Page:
The Lonely Crowd, copyrighted in 1961, suggests that our “other-directed” contemporary individualism may be more flexible, but in fact is as conducive to conformity as the “inner-directed” or tradition-bound individualism we associate with the legendary “rugged individual,” whose common morality was implanted in early life by authority figures. Now that relative affluence has been obtained for the majority of Americans, the problem is less and less with squeezing out a living from the natural environment, and more and more with profiting from other people, with whom everyone is increasingly in touch by mass media, which of course serves the rigid organizations needed to harness the new flexibility. Rapidly changing fashions, instead of enduring morality, is the contemporary rule for other-directed people, who are, on the whole, and especially if they are rootless Americans, more friendly and shallow, wasteful and insecure than the inner-directed traditionalist of old. A survey of people on the street or review of any popular magazine rack or an audit of casual conversations belies the notion that contemporary persons are unique individuals in any way – if anything, they have been over-socialized. So we are virtually zombies, possessed consumers. We have more and more things to choose from, but the choices are not ours; we want something else besides all that, but we really don’t know what that is, or quite how to get it, and we lose faith in the whole shebang not to mention our idols and gods.
One of Tracey’s letters, penned shortly before her departure, illustrates the postmodern milieu:
“I want to be proud. What is pride? What is being proud? What do I want my definition of pride to be? Pride is in visible, external success, the proof of greatness. Since I want pride, I lack pride and must really hate myself. I want greatness but am not great. If most of the people in the world died today or went to prison unfulfilled, I believe they might still be great, but they were unable to recognize their greatness. Is that the meaning of failure? For me it is because I know these processes, I know the secrets of the universe and I still screw up. I don’t care about those people who don’t know they are great – I care about me. What is it all for? We could die in a week and what is it all for? What do I want it to be for? I wanted to be able to be happy in every moment, to choose stuff in every moment and have that lead to greatness. Why, why, why? For the fun of it, that’s why. I wanted to feel that way, to have joy, and I saw famous people feeling that way, having fun. Everybody wants money and fame so I figured that if I could have that it would lead to joy. So I wanted to be great. If there is no proof of greatness then what is the point of being here? Why bother? Because they tell me all this stupid crap, like I can create anything I want and am a genius creator, et cetera et cetera. And then I look at my stupid life and the fact that I can’t even exist without some weird, intense pattern of thought taking over, and I sometimes think we are all so full of crap, so full of crap that life is really futile.”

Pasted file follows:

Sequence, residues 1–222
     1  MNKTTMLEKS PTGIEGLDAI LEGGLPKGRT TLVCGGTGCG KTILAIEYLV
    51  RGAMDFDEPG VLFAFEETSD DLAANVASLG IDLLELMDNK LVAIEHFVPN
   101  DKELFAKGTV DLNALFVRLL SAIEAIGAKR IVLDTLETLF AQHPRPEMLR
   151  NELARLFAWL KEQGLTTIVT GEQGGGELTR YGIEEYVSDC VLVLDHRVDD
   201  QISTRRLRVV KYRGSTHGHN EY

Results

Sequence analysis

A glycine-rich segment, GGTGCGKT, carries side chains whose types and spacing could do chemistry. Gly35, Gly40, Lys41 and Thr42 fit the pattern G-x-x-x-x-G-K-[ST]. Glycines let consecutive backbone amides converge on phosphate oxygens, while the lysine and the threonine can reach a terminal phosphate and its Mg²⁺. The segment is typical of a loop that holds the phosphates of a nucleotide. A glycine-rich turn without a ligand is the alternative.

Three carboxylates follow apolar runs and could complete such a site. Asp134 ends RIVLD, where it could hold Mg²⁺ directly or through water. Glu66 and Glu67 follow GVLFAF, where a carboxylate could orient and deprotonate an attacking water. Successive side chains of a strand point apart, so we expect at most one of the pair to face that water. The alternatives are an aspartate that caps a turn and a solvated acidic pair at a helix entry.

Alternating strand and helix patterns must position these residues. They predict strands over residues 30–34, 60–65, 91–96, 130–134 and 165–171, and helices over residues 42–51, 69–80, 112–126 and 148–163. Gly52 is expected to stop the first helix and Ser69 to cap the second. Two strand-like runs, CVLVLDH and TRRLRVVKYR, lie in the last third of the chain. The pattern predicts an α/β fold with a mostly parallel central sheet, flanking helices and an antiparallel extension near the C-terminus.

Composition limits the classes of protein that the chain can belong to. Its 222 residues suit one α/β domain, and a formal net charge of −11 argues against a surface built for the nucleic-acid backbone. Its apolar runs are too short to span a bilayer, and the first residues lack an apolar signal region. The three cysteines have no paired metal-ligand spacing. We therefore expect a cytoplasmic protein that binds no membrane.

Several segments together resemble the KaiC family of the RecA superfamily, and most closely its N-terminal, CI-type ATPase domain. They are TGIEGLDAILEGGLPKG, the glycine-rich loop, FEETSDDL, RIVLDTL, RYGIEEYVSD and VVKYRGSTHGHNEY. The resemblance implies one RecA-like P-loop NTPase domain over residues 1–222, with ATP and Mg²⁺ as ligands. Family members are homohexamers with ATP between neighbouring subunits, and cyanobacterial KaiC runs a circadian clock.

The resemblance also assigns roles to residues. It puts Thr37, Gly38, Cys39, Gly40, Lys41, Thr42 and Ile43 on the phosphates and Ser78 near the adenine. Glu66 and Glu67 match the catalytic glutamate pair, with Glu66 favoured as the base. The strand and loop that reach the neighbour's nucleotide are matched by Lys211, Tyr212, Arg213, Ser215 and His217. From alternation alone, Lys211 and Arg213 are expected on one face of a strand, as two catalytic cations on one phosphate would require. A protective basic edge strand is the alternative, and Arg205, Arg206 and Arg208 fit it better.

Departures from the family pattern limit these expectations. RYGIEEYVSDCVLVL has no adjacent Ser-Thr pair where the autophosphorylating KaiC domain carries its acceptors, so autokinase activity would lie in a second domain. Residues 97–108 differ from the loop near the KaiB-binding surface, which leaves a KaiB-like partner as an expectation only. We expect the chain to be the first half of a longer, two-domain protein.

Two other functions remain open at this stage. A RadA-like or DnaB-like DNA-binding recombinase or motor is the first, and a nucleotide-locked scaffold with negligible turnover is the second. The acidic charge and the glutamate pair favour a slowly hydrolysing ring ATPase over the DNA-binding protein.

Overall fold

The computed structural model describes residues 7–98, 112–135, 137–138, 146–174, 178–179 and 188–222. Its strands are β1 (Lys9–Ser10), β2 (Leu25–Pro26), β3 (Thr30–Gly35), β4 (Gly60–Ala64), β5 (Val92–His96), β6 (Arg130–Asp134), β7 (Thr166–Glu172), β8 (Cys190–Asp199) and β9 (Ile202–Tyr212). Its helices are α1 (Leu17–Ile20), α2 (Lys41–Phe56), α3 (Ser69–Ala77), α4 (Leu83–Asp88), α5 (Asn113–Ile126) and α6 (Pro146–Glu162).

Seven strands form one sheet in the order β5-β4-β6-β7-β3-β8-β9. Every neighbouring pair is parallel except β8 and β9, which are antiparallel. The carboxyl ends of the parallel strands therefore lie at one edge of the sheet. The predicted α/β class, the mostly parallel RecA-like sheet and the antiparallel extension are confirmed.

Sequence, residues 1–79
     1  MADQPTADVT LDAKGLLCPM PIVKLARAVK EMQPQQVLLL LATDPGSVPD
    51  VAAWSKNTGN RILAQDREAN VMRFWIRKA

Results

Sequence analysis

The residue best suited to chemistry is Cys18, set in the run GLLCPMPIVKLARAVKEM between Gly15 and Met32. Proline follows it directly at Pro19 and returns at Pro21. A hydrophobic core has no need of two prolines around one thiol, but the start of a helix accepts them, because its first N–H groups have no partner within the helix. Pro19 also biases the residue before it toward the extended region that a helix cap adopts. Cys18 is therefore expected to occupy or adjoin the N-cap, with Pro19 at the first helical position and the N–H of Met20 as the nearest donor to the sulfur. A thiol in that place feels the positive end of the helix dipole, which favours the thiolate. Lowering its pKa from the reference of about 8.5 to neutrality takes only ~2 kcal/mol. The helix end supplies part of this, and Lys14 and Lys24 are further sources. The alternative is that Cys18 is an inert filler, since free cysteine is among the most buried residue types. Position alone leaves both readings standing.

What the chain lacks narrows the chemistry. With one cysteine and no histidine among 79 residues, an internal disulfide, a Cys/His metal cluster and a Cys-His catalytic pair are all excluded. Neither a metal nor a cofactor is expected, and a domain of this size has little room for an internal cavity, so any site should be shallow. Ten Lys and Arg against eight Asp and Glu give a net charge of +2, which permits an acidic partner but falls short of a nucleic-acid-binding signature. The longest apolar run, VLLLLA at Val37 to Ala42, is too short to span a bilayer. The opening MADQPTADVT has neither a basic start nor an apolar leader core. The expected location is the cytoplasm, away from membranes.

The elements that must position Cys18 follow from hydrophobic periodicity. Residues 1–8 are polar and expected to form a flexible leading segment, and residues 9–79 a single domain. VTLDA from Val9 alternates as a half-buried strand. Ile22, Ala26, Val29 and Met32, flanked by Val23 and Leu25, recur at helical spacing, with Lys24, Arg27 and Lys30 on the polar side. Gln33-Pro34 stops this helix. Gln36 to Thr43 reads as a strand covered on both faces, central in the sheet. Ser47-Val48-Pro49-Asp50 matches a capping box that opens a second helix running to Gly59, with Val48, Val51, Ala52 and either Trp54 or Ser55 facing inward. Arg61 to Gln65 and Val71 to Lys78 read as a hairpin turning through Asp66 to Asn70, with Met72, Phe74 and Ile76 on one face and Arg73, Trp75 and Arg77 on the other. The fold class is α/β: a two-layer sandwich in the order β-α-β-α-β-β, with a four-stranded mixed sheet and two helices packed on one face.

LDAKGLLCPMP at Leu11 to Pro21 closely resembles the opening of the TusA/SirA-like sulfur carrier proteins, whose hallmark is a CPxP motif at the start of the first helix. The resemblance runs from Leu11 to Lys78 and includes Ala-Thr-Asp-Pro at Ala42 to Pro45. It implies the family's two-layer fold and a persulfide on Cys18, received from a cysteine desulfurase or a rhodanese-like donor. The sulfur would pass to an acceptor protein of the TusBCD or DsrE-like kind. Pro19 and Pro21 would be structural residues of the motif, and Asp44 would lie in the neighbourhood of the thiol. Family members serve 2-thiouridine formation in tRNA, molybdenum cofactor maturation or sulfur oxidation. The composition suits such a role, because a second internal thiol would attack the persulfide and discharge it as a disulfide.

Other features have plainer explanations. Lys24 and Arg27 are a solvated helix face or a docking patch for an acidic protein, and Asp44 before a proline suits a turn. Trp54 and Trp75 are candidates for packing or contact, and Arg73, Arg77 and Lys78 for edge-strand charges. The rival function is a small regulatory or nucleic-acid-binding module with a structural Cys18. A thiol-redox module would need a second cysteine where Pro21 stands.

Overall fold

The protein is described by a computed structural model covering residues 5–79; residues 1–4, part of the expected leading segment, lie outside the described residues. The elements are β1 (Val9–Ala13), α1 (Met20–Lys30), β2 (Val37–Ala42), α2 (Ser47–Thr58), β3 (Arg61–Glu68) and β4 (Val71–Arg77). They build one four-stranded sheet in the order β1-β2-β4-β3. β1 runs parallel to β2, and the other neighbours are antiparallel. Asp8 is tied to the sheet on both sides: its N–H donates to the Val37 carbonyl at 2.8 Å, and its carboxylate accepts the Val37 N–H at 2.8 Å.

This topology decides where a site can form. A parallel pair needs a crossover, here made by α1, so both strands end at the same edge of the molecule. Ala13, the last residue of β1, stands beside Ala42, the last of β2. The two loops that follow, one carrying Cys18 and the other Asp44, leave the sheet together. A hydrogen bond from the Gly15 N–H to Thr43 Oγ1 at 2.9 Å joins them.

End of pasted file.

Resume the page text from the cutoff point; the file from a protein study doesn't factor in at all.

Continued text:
I have retrieved a few of Tracey’s things and have suitably positioned them around my place to get to know her better. In addition to her secret stash, I have her big brown teddy bear named Penelope, a Voodoo charm, the dry-eraser board, a cute little bowl, a large mug decorated all around with the image of a one-million-dollar bill, fifteen boxes of tea, and books entitled The Millionaire Mind, Pathfinder, Self Matters, What Color is Your Parachute, and Basic Spanish Grammar, along with representative samples of her subscriptions to O – The Oprah Magazine and Oxygen.
The Salvation Army will pick up the rest of Tracey’s stuff next Friday. The stuffed chair is a prize but the neighbors do not want it, as it is very large for small studios and rooms, and one would need two men and a truck to get to move it.